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Figure 4. Output performance of the TES and relationship between pressure and open-circuit voltage. (a) Short-circuit current of the TES. (b) Open-circuit voltage of as-prepared TES. (c) Numerical calculations of the potential difference and the gap distance of the TES. (d) Relationship between output voltage and applied pressure.

of the four electrodes changes when the location of the contact moves, as illustrated in Figure 3b. Generally, the closer the electrode is to the contact location, the lower the potential is. The theoretical analysis clearly suggests the feasibility of the location test protocol. In the experiment, the whole electrode area is in nine parts and 16 test points are marked. The peak voltage is used to calculate the opposite voltage ratio because it is more stable and easier to measure. To obtain a twodimensional location for the contact, two voltage ratios of opposite electrodes (denoted as Vi/Viii and Vii/Viv) were measured with a 4 × 4 test point (Figure 3c,d). Vi/Viii and Vii/ Viv monotonously increase when the test point approaches electrodes i and ii. The voltage ratio changes from 0.57 to 1.67 and shows good resolution. Aiming to verify the location ability, we carried out the location test at point (2, 3) (Ei = 0.34 V, Eii = 0.43 V, Eiii = 0.41 V, and Eiv = 0.34 V), and the output voltage was collected and calculated using an intersection method. The calculated location is (1.93, 3.20), which represents good accuracy with a distance deviation of 2.0 mm (Figure 3e). As discussed above, the TES can detect the tiny contact and location, and there is still a demand for pressure sensing in view of the robots’ movement. However, in some robotic motions such as grasping or pushing, it is necessary to know the robots’ exact pressure to avoid possible damage to the objects. Here, the vertical contact-separation mode TENG was incorporated in the as-designed TES owing to its good linear response for external force. As shown in Figure 4a,b, the short-circuit current is around 9 μA, and the open-circuit voltage reaches 90 V. The TES mechanism (two-electrode mode) is based on the coupling of contact electrification and electrostatic induction, whereas the detection of pressure was carried out in a noncontact mode in order to avoid potential damage caused by continuous impact. Initially, the linear motor brings the plate into contact with the other plate, causing contact electrification. The positive and negative charges accumulate on each surface when the external force is withdrawn. With a periodical external

force, AC signals are generated. These triboelectrification charges exist for a long time, and this property supports the pressure detection under a noncontact mode, which means the two friction layers no longer frequently contact each other after the initial triboelectrification. Typically, the potential of the Al electrode is defined as zero; σ represents the triboelectric charge density of PDMS, ε0 is the vacuum permittivity, and d is the gap distance between two plates, according to eq 1:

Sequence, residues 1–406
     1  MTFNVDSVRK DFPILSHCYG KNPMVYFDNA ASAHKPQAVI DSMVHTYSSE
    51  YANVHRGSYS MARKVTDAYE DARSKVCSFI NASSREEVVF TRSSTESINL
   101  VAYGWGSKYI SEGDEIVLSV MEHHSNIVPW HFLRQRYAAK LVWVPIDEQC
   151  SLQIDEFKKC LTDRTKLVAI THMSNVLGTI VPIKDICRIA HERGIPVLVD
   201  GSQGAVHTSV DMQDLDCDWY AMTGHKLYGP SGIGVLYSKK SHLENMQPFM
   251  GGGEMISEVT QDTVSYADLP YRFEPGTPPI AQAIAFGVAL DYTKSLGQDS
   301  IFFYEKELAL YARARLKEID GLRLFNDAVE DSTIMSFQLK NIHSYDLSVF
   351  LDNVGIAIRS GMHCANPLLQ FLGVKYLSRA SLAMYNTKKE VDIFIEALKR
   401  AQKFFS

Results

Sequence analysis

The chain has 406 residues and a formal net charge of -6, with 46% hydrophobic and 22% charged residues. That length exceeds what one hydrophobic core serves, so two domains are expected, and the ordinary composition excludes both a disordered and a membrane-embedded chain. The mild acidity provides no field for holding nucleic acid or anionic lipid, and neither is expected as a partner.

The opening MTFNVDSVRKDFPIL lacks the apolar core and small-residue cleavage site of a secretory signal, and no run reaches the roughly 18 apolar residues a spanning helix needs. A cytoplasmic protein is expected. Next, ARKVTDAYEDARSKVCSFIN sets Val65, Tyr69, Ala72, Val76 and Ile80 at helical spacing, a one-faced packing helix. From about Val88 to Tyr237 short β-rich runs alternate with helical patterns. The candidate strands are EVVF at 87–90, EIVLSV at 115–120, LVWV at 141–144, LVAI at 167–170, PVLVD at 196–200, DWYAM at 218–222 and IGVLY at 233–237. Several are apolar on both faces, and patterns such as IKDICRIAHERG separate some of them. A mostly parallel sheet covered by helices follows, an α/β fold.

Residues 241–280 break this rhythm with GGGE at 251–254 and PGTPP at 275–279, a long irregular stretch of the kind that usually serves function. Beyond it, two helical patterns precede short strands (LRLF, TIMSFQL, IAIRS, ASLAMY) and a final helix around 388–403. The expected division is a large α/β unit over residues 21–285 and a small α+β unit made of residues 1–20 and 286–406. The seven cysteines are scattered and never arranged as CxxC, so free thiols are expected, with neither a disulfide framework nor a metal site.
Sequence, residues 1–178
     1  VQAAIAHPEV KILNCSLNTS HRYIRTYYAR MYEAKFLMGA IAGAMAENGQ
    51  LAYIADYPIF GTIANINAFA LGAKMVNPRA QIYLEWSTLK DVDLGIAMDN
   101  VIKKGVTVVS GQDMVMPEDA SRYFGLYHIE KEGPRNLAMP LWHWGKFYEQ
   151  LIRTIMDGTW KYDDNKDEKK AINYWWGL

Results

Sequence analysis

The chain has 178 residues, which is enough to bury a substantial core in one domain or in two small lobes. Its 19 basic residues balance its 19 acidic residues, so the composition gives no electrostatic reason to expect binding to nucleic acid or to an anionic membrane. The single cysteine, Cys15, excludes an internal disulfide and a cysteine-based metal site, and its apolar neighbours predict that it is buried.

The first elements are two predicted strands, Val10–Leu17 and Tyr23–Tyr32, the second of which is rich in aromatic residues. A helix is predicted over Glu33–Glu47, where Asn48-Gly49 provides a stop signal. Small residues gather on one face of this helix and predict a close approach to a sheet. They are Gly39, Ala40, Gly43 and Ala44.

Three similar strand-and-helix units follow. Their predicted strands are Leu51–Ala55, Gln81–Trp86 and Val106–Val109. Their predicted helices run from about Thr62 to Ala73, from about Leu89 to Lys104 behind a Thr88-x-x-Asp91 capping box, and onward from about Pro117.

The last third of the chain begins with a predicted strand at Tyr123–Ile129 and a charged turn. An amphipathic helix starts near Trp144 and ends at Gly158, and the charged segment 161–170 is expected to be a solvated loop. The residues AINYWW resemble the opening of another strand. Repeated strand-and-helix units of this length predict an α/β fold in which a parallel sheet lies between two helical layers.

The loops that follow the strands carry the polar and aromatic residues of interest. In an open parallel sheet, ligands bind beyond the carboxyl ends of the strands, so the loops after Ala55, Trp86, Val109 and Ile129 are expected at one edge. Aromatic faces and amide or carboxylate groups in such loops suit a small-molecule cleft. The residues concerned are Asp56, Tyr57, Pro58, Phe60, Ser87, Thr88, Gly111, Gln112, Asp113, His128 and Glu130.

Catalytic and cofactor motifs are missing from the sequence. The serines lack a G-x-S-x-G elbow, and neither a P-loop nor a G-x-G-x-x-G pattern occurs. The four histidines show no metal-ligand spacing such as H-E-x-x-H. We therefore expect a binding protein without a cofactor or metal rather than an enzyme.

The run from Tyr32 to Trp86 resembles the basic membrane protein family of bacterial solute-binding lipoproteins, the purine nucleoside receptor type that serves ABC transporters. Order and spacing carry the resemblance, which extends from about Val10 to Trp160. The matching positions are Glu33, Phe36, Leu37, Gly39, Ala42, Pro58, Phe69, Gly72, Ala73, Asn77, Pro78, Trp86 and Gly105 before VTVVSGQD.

Voc =

σd ε0

(1)

The open-circuit voltage (Voc) increases linearly along with the vertical gap distance. The Voc−d relationship can be mathematically analyzed by assuming the TES is a parallel-plate capacitor. In this model, the Al electrode and PDMS film are stacked parallel with a gap distance ranging from 0 to 5 mm. The triboelectric charge density on the inner surface of the PDMS film was set by calculating the transfer charge in Figure 4a,b. The calculated potential distribution based on the parallel-plate model is shown with color scaling. As shown in Figure 4c, the potential difference is zero when the two plates are in full contact (d = 0), which reaches a maximum when the gap distance extends to 5 mm. Furthermore, the spring that connects the electrode plates of as-prepared TES follows Hooke’s law. As a result, the open-circuit voltage of TES changes linearly with the external force, and the linearity could be used for dynamic force sensing. A triboelectric test was carried out with a linear motor to verify the relationship between actual pressure and the open-circuit voltage. During the test, the gap distance between two plates was carefully controlled to avoid new contact after the initial triboelectrification. As illustrated in Figure 4d, there exists an output voltage of 7.8 V when a pressure of 40 N is applied. When the pressure increases to 140 N, the output voltage reaches 10.6 V. The fitting curve (red line) suggests that the pressure and output voltage have a linear relationship with a correlation 3953

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Figure 5. Real response behavior of the TES for dynamic force sensing with a pulse time of (a) 0.4 s, (c) 0.6 s, and (e) 0.8 s, collected by a commercial quartz force sensor. (b,d,f) Corresponding dynamic force curves measured by analyzing the open-circuit voltage of the TES.

CONCLUSION In summary, a tactile sensor (TES) was developed on the basis of coupled dual-mode TENGs. In this protocol, the singleelectrode unit acts as a contact sensor and senses the relative hardness of an object. The two-electrode unit plays a key role for guiding the pressure. Thus, this complementary design makes it capable of simultaneously collecting complex information from a foreign object. The linear detection for pressure ranges from 40 to 140 N with a correlation coefficient of 0.98. Good response for dynamic pressure has also been shown when the period of dynamic force changes from 0.4 to 0.8 s and pressure from 55 to 38 N. When a single-mode TENG-based location sensor was embedded, the TES shows a plane resolution of 2 mm for a tiny contact. These results verify the ability of the TES to both feel and interpret complex information on contact, hardness, location, and pressure, which makes it a good choice for future intelligent robots or other smart equipment.